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Swed Dent J. 2011;35(1):17-24.

Effect of post-brushing mouthrinse solutions on salivary fluoride retention.

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Department of Cariology, Institute of Odontology, Sahlgrenska Academy, University of Gothenburg, Sweden.


Fluoride (F) toothpaste is one of the most effective means of caries prevention. There is also evidence that mouthrinse solutions with antimicrobial agents reduce plaque formation and gingivitis and may be used as adjuncts to daily self-performed oral hygiene for risk patients. The authors hypothesize that using these solutions--without or with just a low F concentration after brushing--will have a "wash-out" effect on F toothpaste. Mouthrinse solutions with more F might be beneficial in this respect. Two groups of 10 (Series 1) and 12 (Series II) healthy subjects were recruited. They brushed for 1 min with toothpastes containing either 1450 or 5000 ppm F. After brushing and spitting out the toothpaste, the participants in Series I rinsed for 30 sec with 10 ml of a variety of products with various F concentrations (0, 100, 226 or 900 ppm F). In Series II, they first rinsed with water after the brushing and directly thereafter with 20 ml of the post-brushing rinsing solution for 30 sec. Saliva samples in both series were collected at different time points up to 1 h and the F concentration was measured. There was significantly less F in saliva after rinsing with no F or with a low F concentration (100 ppm) compared with just brushing with a F toothpaste. Rinsing with 226 ppm F displayed significantly higher F concentrations in saliva compared with only toothbrushing. Products with a high F concentration (i.e. toothpaste with 5000 ppm F or a mouthrinse solution with 900 ppm F) produced the highest F retention in saliva compared with all other protocols. The quantity of mouthrinse solution (20 vs. 10 ml) did not seem to have any effect on the F retention. The results from both test series show that a post-brushing rinsing solution without F or with just 100 ppm F exerts a "wash-out" effect on toothbrushing with either 1450 or 5000 ppm F, which may be negative for all patients, especially those with a risk of caries. The general population will benefit more from higher concentrations of F in mouthrinse solutions and, based on the results of the present investigation, 226 ppm F (corresponding to 0.05% NaF) should be the lowest concentration used. Furthermore, caries risk patients are recommended to use a high-F toothpaste (5000 ppm F) or a post-brushing mouthrinse solution with 900 ppm F (corresponding to 0.2% NaF).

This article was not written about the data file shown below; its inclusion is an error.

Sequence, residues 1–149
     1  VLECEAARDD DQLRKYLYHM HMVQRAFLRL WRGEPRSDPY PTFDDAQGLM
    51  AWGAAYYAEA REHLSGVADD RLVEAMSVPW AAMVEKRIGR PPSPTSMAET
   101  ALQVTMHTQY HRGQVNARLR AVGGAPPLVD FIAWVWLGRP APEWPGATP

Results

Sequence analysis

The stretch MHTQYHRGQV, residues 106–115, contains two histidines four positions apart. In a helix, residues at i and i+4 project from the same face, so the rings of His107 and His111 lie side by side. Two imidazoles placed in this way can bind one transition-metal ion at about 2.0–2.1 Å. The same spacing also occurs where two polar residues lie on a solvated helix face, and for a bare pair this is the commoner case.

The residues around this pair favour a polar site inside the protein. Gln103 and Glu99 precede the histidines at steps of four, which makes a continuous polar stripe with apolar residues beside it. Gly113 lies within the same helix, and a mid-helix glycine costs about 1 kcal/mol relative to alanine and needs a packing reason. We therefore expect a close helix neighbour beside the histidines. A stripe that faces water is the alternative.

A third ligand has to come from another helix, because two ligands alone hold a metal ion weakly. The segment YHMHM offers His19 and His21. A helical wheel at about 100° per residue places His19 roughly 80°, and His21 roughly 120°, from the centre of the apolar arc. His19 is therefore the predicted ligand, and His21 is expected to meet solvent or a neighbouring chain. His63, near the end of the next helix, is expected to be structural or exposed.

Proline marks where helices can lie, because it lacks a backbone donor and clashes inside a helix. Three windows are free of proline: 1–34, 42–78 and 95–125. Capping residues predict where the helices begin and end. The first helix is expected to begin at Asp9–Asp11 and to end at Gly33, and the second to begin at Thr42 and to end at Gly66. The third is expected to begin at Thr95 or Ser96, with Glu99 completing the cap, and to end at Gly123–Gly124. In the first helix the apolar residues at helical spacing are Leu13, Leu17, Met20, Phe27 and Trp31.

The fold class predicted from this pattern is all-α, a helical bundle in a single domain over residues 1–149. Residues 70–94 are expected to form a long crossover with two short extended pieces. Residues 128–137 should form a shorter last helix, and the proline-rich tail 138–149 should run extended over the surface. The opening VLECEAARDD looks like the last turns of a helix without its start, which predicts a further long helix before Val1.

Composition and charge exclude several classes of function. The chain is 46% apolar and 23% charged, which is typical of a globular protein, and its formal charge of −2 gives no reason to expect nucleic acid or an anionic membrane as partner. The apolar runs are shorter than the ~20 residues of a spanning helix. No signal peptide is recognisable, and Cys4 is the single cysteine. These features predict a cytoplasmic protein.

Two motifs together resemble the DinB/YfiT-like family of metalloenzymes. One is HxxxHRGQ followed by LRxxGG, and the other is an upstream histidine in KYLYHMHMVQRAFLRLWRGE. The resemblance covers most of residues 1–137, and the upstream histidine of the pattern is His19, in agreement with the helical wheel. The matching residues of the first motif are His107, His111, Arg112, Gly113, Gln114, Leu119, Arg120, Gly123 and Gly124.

[Indexed for MEDLINE]

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